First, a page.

Glossary of Legislative Terms
Terminology used in the Nebraska legislative process
"A" Bill - see Appropriation Bill
Act - the proper term for a bill after it is enacted into law. Also, a term used to refer to a group of laws addressing a particular subject, such as the Nebraska Affordable Housing Act.
Agenda - a daily order of legislative business set by the Speaker.
Amendment on File - an amendment of 10 or more pages, not printed separately or in the Journal, that is available in the Clerk's Office (Room 2018).
Amendment Printed Separate - an amendment of 10 or more pages, printed separately from the Journal, that is available in the Bill Room (Room 1104).
Appropriation Bill ("A" Bill) - a bill to appropriate funds to finance another bill bearing the same number.
Attorney General's Opinion - a written analysis of a question of law prepared by the attorney general for the governor, the head of an executive department or any state senator.
Biennium - the two-year period in which a single Legislature, such as the 96th Legislature, exists. Also, the two fiscal years for which a single Legislature does budget planning and makes appropriations.
Bill - see Legislative Bill.
Bracket - to delay consideration of a bill.
Call of the House - a procedure used to compel attendance of unexcused senators in the chamber. Any senator may move for a call of the house, and a majority of senators voting is required to place the house under call.
Carry-over Legislation - bills and resolutions introduced during the regular session in an odd-numbered year and held over for consideration during the regular session in an even-numbered year.
Chair - the presiding officer. The lieutenant governor or speaker normally serves as chair, but other senators also may preside. The senator presiding is said to be "in the chair."
Committee on Committees - the select committee that proposes appointments of senators to other legislative committees at the beginning of each biennium.
Committee Statement - a statement indicating whether a committee voted to advance or kill a particular bill. Includes the roll call vote of committee members, a summary of the bill and any proposed committee amendments, and a list of who testified at the bill's hearing.
Constitutional Amendment Resolution - a proposal to amend the state constitution, ratify or reject an amendment to the U.S. Constitution, or petition Congress about amending the U.S. Constitution. State CA resolutions have the suffix "CA" by the resolution number, and they must be approved by Nebraska voters as well as the Legislature.
Correctly Engrossed - a term describing a bill that is reprinted for FinalxReading with all adopted amendments incorporated.
Consent Calendar - a portion of the agenda in which relatively noncontroversial bills are considered and quickly advanced to the next legislative stage. Usually, a bill on consent calendar can be debated for no more than 15 minutes.
"E" Clause - see Emergency Clause.
E&R - see Enrollment and Review.
Emergency Clause ("E" Clause) - a provision that allows a bill or a portion of a bill to take effect immediately after the governor signs it or after the Legislature overrides the governor's veto.
Engrossment - the process of preparing a bill for Final Reading by incorporating all adopted amendments.
Enrollment and Review (E&R) - the process of incorporating adopted amendments into a bill, reviewing the bill for technical and grammatical accuracy, and making recommendations relative to arrangement, phraseology and correlation.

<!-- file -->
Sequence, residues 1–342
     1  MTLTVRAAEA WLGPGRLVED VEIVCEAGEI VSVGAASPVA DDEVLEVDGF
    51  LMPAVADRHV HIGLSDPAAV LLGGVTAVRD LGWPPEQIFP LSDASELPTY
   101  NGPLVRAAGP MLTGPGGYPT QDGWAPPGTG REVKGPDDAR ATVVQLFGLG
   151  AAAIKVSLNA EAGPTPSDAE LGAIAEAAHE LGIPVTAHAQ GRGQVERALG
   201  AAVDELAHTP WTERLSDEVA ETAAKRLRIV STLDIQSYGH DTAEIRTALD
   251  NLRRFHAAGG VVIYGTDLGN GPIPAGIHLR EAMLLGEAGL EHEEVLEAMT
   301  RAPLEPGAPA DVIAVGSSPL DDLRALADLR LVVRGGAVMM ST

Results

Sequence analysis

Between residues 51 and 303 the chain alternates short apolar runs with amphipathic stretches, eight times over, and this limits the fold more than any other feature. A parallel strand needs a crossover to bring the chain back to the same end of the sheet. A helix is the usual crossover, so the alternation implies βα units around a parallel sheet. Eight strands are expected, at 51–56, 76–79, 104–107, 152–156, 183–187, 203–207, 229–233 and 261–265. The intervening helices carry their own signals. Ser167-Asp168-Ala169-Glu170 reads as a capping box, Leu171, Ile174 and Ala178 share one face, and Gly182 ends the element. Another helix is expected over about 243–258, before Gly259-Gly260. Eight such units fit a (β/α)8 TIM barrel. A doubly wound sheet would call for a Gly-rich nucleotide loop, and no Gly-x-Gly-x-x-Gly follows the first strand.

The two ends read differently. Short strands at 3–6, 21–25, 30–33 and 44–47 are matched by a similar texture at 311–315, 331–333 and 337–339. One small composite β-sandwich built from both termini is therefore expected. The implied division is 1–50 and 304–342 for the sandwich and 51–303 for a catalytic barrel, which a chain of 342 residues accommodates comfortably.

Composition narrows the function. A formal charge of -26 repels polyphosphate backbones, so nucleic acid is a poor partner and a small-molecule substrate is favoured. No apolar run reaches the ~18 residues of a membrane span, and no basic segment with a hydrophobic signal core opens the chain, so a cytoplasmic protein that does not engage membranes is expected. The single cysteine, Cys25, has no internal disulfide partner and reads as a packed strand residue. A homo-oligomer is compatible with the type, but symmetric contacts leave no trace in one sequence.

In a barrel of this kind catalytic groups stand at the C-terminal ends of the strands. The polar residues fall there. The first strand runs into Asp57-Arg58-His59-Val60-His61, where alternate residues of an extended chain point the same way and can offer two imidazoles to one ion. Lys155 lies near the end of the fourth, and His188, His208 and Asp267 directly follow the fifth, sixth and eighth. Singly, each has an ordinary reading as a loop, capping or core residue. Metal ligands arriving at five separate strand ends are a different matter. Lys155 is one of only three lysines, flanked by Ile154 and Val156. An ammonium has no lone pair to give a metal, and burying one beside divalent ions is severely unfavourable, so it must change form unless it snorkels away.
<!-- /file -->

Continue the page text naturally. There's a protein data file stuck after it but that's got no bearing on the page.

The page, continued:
Enrollment and Review Initial (E&R for Review) - the Enrollment and Review process that a bill undergoes after it is advanced from General File.
Enrollment and Review Final (E&R for Engrossing) - the Enrollment and Review process that a bill undergoes after it is advanced from Select File. During this stage, the bill is engrossed and reprinted for Final Reading.
Executive Board of the Legislative Council - a nine-member special committee that oversees legislative services, personnel and other internal affairs of the Legislature. The Executive Board also serves as the Reference Committee.
Executive Session - a closed meeting of a committee to discuss and act on bills and resolutions. An executive session is open only to committee members, committee staff and the media.
Final Reading - the third and last stage at which a bill is considered by the entire Legislature. The clerk reads the entire bill aloud, unless final reading is waived, and senators vote without debate on whether to submit the bill to the governor.
Fiscal Note - a statement prepared by the Legislative Fiscal Office estimating the effect a bill would have on state and/or local expenditures and revenue.
Floor - the area of the legislative chamber where the senators sit. When a committee advances a bill "to the floor," that means the bill is being sent to the full Legislature for consideration.
General File - the first stage at which a bill is considered by the full Legislature. Bills on General File may be amended, returned to committee, indefinitely postponed or advanced to Select File.
Germane - relevant to the specific subject of the bill being considered. Any amendment that is not germane is out of order.
Hearing - a regularly scheduled committee meeting to receive public comment on proposed bills and resolutions.
History - see Legislative History.
House Under Call - the term used when all unexcused senators are required to be in their seats in the chamber and unauthorized personnel must leave the floor.
Indefinitely Postpone (IPP) - to kill a bill.
Initiative - the power of the people, through the petition process, to enact laws and adopt constitutional amendments independently of the Legislature.
Interim - the period between regular legislative sessions.
Interim Study Resolution - a resolution authorizing a committee to study an issue following adjournment of a legislative session.